The image above explains how I went about making my song — I only sought existing chords as I read (so, as Wendy asked elsewhere, I did not convert other letters without chords into something else … I just ignored them) and created three distinct sections: title, subtitle, name. I did keep the sequence of chords intact, however, so that in whatever order they were, that’s what I had to work with. I took the liberty of adding minor chords where it would make sense of the structure and sound.

I then went into the Garageband app on my iPad, and began to compose over the course of the afternoon, improvising and experimenting as I went about it.

First, I created drum tracks and worked with the bass, adding some guitar riffs, and then finally, layering in some of the world music instruments. I was slowly adding pieces, and then removing them at the end, to create a sound version of our annotation efforts (OK, this may be a leap, but not for me). For the most part, I think the song works, unfolding itself against the rhythm beat, and certainly, it is a piece of distinct music connected to and inspired by the book (if only in my mind).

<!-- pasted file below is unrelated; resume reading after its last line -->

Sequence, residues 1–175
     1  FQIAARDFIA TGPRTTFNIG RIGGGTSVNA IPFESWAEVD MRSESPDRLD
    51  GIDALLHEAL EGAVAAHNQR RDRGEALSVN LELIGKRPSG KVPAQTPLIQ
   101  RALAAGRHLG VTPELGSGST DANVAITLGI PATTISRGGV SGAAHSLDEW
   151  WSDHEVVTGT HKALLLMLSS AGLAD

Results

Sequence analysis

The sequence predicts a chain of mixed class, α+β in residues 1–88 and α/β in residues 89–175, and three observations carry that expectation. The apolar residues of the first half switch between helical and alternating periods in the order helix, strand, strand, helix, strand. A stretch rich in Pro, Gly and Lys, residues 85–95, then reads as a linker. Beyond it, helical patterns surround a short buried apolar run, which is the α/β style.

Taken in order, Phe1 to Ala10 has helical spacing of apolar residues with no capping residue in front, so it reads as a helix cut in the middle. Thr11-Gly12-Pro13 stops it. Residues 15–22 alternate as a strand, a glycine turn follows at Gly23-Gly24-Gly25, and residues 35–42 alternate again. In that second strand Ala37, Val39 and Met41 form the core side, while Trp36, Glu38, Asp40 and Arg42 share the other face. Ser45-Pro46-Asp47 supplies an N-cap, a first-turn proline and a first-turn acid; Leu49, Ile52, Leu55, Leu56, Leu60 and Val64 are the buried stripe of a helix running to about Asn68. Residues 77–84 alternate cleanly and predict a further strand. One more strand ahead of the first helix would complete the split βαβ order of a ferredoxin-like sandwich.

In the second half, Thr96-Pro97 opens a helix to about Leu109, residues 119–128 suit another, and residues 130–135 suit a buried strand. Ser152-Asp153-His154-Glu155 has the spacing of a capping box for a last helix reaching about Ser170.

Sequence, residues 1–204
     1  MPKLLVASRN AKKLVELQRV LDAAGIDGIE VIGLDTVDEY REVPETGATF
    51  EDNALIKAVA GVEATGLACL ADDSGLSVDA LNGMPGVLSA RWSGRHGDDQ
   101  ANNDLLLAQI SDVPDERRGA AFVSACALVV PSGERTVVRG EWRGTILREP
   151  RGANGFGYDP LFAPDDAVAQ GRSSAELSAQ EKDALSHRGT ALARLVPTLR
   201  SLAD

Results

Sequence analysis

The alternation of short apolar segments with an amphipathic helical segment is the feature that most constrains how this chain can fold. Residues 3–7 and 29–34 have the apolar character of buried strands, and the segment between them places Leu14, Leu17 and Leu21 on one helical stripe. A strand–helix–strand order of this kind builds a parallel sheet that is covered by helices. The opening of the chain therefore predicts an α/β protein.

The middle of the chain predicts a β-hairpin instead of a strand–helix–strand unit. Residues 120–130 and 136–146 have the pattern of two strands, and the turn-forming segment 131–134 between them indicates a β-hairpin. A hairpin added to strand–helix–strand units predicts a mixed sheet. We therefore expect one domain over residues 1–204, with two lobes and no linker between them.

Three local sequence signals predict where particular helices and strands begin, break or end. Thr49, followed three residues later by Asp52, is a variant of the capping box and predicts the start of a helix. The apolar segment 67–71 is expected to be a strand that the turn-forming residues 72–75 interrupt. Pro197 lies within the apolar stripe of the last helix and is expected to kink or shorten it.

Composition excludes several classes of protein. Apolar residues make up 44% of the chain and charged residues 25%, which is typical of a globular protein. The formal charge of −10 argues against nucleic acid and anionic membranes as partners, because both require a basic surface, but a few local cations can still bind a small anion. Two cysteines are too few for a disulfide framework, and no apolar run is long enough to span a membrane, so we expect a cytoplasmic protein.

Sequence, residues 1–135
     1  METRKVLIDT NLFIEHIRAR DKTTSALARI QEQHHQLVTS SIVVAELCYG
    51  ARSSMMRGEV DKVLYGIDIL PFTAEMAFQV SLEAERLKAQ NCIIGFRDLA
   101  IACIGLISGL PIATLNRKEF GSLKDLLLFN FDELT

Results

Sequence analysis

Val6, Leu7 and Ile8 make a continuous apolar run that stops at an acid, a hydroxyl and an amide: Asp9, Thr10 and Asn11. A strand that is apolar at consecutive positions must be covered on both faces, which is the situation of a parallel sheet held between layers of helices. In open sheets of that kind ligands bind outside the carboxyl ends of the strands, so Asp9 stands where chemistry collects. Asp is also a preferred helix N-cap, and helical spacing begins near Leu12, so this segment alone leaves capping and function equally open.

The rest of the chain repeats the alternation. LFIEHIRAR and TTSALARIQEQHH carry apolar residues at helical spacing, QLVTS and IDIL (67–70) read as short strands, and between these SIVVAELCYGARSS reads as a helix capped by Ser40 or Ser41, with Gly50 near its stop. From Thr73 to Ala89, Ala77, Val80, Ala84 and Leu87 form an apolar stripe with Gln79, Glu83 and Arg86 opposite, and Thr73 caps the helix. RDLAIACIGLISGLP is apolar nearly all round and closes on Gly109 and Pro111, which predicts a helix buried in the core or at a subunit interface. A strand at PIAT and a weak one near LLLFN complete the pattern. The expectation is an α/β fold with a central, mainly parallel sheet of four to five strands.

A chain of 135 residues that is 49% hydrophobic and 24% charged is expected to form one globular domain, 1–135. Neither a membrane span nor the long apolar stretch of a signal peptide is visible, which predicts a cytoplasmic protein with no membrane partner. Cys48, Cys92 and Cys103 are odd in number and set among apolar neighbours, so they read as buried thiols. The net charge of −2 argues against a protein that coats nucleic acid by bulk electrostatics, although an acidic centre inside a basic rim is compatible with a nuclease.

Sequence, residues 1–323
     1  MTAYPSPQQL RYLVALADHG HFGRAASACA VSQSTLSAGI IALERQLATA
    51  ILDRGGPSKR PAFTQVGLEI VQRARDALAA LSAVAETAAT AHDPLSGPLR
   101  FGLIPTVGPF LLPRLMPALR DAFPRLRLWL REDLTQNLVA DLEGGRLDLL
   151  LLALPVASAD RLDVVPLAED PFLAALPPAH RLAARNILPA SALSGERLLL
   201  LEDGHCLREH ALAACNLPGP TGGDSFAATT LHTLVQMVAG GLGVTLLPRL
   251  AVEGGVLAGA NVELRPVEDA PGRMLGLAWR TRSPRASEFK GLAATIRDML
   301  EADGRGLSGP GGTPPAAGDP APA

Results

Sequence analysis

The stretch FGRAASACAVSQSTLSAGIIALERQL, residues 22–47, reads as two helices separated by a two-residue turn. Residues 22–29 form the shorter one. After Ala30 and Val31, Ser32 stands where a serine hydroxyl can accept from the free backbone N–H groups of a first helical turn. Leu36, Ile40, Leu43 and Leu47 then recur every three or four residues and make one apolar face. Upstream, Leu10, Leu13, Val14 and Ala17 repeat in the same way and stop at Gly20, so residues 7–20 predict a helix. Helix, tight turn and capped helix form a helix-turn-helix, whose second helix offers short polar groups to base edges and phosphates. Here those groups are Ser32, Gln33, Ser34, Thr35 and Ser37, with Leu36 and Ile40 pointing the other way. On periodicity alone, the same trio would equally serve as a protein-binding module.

You are welcome to remix or download or do whatever you want with the track from Soundcloud.

Peace (in the muse),
Kevin

 

Buried in the Feldgang: A Poem from a Quote from a Book from an Idea

Quote: The Art of Is

I am forever overlapping
you; your notes cascading
upon me; where shadows
loom, you hold the light

We meet in the middle,
at the bridge – at the break –
at the moment of unexpected
surrender to the moment of